Is your student debt — or your date’s — a major turnoff? Having serious debt is among the biggest romantic deal breakers, according to a 2017 survey from SoFi, second only to being a workaholic.
If you have a lot of student debt or are concerned about your date’s student loans, it can be a tricky topic to navigate.
“Talking about anything money-related can feel awkward in a dating situation,” said Jessica Garbarino, founder and owner of Every Single Dollar, a personal finance site for single women. “Fortunately (in some ways), student loan debt is so common, especially among the millennial generation, that it shouldn’t feel weird to talk about it.”
To find out how to alleviate the awkwardness or alarm of dating with student debt, we explore when and how to raise the subject in a romantic relationship.
How much student debt is a deal breaker?
Most people you date will have some student debt of their own — and they’ll probably expect that you do too. After all, roughly 44 million Americans have outstanding student debt.
However, this debt can start interfering with your dating life or give potential partners pause as the balance creeps higher.
For recent college graduates, the average student loan debt is $39,400. If your debt is in this neighborhood or higher, you can expect it to raise some doubts with your date, said Shannon McLay, founder of the Financial Gym, a money coaching service.
Among her clients, McLay has seen both sides: those who say they would refuse to date someone with significant student debt and those who worry that their student loan balance will scare matches away.
“One of my clients who has over $250,000 in student loan debt told me that she felt ‘unlovable’ because of the size of her debt,” she said.
5 smart ways to discuss student debt when dating
While it can seem harsh to list student loans as a romantic deal breaker, there are some good reasons for it.
“If you marry someone with student loan debt, it becomes ‘our’ debt instead of ‘your’ debt,” McLay said. Even if only one person is legally responsible for it, “the monthly payments made to that debt represent less money that could go to building joint wealth and achieving joint goals,” she pointed out.
Some people might worry about how student loans could affect a relationship too. According to our survey on student loans and relationships, more than 43% of respondents reported that they fight with their partners about money at least “somewhat often.”
But if you have student debt, that doesn’t mean you should miss out on dating. “I don’t think that anyone should put their life on hold for student loan debt,” McLay said. Here’s how to discuss your loans while dating.
1. Be honest about your student loans
“You have to be honest about the student debt and reveal it at some point, especially if you are asked about it,” Garbarino said.
Failing to do so could be akin to cheating, McLay said. “Not disclosing significant debt to a significant other is a form of financial infidelity that you’re forcing the other person to accept,” she explained.
If you wait for the perfect moment to talk about debt, it might never come.
2. Bring up student debt early but naturally
One option is to be open and upfront about your debt with everyone you date. “I suggest people share their student loan debt right away,” McLay said. You don’t have to share your exact balance at first, but you can casually mention or joke about your student debt.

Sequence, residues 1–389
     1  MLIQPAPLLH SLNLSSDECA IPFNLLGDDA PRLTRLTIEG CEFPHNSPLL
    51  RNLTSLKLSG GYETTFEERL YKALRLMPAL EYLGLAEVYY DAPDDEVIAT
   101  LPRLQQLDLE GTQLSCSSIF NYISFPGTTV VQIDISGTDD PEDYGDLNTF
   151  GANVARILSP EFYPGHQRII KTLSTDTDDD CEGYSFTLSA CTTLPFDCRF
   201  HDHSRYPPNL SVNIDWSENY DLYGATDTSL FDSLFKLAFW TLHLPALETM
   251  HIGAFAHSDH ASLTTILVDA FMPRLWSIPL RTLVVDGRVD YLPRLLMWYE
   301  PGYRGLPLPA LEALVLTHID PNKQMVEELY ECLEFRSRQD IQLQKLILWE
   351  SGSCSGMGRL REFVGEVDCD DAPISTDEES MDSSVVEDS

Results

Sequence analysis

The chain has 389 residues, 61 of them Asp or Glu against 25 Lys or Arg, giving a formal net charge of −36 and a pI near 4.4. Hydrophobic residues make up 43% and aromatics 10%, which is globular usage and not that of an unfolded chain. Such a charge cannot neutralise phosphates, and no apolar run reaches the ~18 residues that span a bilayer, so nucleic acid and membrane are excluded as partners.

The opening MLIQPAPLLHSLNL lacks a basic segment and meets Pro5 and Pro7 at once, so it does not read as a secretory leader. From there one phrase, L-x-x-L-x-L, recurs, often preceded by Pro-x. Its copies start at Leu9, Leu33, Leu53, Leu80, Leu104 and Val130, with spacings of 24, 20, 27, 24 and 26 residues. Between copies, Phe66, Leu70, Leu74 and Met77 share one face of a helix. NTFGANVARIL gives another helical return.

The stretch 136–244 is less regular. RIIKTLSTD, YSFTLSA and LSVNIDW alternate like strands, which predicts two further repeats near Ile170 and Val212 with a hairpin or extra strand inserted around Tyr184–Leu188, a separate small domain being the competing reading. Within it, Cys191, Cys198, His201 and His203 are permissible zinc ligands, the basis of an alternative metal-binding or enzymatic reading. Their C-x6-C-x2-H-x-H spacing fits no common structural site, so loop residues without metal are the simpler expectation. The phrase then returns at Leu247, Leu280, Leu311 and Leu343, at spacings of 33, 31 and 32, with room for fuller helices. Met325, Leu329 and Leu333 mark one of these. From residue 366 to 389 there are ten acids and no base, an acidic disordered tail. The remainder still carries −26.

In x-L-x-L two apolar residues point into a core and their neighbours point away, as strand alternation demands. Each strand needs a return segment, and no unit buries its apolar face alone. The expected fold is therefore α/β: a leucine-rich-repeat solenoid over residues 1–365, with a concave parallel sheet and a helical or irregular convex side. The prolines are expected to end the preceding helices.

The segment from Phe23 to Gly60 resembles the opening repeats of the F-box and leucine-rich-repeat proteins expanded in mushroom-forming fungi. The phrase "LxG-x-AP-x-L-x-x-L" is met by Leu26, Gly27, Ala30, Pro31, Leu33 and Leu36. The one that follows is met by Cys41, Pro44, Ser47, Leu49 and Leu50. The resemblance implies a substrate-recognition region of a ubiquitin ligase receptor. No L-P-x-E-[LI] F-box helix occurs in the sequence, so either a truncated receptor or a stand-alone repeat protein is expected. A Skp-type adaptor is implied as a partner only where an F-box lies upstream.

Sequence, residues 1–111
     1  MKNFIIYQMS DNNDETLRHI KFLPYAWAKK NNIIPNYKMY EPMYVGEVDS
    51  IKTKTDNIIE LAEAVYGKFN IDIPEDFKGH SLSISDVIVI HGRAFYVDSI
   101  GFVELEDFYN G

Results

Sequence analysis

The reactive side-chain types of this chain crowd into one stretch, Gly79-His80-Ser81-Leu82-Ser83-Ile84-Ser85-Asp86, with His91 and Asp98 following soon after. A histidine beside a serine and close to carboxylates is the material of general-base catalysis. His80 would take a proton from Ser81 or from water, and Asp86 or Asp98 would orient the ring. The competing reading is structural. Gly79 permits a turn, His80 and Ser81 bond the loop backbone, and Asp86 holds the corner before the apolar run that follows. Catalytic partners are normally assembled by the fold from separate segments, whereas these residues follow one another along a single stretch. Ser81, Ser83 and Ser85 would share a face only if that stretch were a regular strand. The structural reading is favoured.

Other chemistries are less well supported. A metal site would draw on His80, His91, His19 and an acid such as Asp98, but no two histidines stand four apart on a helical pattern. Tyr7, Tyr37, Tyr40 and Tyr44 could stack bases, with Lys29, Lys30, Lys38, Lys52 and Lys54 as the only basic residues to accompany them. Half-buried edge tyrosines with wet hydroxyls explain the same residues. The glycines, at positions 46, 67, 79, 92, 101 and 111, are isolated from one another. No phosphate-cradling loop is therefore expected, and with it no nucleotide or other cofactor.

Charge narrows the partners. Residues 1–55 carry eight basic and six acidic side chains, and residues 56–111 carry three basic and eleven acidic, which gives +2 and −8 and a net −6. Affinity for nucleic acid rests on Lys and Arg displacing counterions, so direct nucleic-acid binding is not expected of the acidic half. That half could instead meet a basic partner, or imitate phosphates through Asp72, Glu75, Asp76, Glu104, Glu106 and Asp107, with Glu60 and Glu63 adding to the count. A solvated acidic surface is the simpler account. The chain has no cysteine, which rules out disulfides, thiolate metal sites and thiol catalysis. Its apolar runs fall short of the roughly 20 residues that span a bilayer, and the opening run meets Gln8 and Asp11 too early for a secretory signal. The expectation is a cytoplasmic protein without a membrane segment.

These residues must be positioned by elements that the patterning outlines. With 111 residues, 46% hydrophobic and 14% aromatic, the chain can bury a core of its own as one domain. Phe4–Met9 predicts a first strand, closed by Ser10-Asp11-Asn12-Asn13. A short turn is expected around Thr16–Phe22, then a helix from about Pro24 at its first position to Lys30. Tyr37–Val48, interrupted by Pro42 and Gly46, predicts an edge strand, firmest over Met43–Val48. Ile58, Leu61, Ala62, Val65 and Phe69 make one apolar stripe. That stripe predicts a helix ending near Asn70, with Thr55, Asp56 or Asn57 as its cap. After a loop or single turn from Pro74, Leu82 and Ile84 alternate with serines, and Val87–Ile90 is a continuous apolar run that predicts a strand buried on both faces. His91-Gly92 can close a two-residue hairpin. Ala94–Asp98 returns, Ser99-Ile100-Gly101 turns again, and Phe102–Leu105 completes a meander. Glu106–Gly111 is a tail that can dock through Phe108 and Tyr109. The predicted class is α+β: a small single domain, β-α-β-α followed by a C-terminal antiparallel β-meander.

Or you might feel more comfortable waiting until you’ve established trust. “Like any sensitive topic, you need to gauge the level of the relationship before delving into student loan debt,” Garbarino said.
And there’s no need to make a big deal of the initial discussion. Simply watch for openings in conversations where it would be natural to mention your student debt. “There may be a conversation surrounding college, higher education, or even money habits where you can ease into the topic,” Garbarino said.
3. Gauge your partner’s attitude about student debt
“See how your dating partner reacts when you talk about the subject,” Garbarino suggested. “Body language can provide so much insight into how they may be feeling on the topic — it could be contrary to what they are saying verbally!”
A discussion about student debt should be ongoing too. That way, you can openly share concerns and compatibility issues caused by either person’s student debt.
“It’s better to gauge a person’s reaction to your debt before real feelings develop,” McLay said. “The person who doesn’t run from your debt early on is the person you’d want to stay in a long-term relationship with anyway.”
4. Take responsibility for your student loans
As McLay pointed out above, your debt is more likely to become a big issue if your partner is worried it’ll affect their finances too. So one of the best ways to prevent your debt from interfering with your dating life is to actively manage it.
If you can confidently and honestly tell your date that you have your student loans under control, it can go a long way toward addressing their concerns. That means researching your options, creating a plan to get out of debt, and sticking to it.
5. Decide how to handle debt as a couple
As a relationship advances, you might combine living situations or finances and start making money decisions together. That calls for a deeper conversation about student loans and money.
Discuss your attitudes about how to prioritize paying off debt with other financial goals. If only one of you has debt, talk about how it could be handled in the future. You might decide to pay down debt as a couple, for example.
While discussing debt isn’t the go-to icebreaker for a date, finding the right time and the courage to talk about your student loans can make all the difference. This honesty will help you and your date get on the same page — and weed out those who wouldn’t be a good fit.
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